Can Macdonald’s success be replicated in Seattle?

Macdonald’s league-best defense in Baltimore had a collection of star power that included four Pro Bowlers – defensive lineman Justin Madubuike, linebacker Roquan Smith, linebacker Patrick Queen and safety Kyle Hamilton. The Seahawks don’t appear to have that same level of talent on defense – at least not yet. So, even with the addition of Macdonald and his defensive scheme, how much improvement can reasonably be expected from a Seattle defense that finished 24th in points allowed last season?

“It’s definitely going to be adjustment period, and I wouldn’t expect the Seahawks to all of a sudden become a top-three type of defense right off the bat,” Nguyen said. “But again, I think with him being able to be so flexible and having the defense present so many problems for an offense as far as preparing for it and not knowing where the blitz is coming from, I think they should be better in that aspect of just really testing out offenses.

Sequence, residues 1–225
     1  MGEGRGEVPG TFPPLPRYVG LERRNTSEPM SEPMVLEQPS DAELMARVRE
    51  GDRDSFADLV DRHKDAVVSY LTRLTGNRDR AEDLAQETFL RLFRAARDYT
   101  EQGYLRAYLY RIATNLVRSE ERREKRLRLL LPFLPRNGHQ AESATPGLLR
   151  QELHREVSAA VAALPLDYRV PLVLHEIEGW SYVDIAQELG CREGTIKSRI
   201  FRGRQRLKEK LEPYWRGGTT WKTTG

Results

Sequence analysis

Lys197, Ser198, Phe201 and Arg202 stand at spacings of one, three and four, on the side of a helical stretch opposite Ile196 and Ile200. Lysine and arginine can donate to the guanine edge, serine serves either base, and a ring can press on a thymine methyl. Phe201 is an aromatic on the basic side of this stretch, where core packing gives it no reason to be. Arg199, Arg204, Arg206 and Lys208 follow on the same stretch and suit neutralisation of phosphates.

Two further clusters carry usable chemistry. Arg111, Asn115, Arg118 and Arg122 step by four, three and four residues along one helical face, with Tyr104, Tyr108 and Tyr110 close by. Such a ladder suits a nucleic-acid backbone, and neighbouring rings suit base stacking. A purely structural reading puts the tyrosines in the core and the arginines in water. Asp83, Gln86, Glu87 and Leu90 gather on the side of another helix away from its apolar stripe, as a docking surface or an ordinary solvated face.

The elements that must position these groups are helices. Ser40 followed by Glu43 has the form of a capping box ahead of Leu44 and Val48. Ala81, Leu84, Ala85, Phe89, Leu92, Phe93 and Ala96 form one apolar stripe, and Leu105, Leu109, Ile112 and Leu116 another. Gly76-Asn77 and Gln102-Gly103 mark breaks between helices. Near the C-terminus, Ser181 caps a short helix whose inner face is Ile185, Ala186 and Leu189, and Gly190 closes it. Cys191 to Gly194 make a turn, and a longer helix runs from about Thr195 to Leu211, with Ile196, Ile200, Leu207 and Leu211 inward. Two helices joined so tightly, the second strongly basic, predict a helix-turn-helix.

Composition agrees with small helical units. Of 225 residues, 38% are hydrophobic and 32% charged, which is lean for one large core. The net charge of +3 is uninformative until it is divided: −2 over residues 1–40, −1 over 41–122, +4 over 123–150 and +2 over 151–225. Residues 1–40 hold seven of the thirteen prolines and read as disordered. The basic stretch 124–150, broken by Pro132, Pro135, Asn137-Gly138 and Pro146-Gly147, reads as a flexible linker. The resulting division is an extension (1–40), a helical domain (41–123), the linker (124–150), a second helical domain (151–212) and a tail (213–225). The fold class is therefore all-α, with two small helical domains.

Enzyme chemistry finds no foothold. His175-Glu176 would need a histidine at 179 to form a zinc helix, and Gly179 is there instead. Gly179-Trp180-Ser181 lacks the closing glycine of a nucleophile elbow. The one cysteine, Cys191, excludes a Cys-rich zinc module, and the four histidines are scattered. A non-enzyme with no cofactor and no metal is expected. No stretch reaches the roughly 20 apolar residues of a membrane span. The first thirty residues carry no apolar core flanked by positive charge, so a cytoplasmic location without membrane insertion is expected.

“There’s a lot of potential in these guys playing in this type of scheme and having an upgrade schematically, (and) just being able to be more organized and having better game plans against teams,” he added. “But it’ll take some time for the Seahawks’ personnel to kind of catch up to the Ravens and really have that defense challenging for a top-three type of spot.”

Listen to the full conversation from Tuesday’s Bump and Stacy in the podcast at this link or in the player near the top of this post. Bump and Stacy airs live from 10 a.m. to 2 p.m. weekdays on Seattle Sports.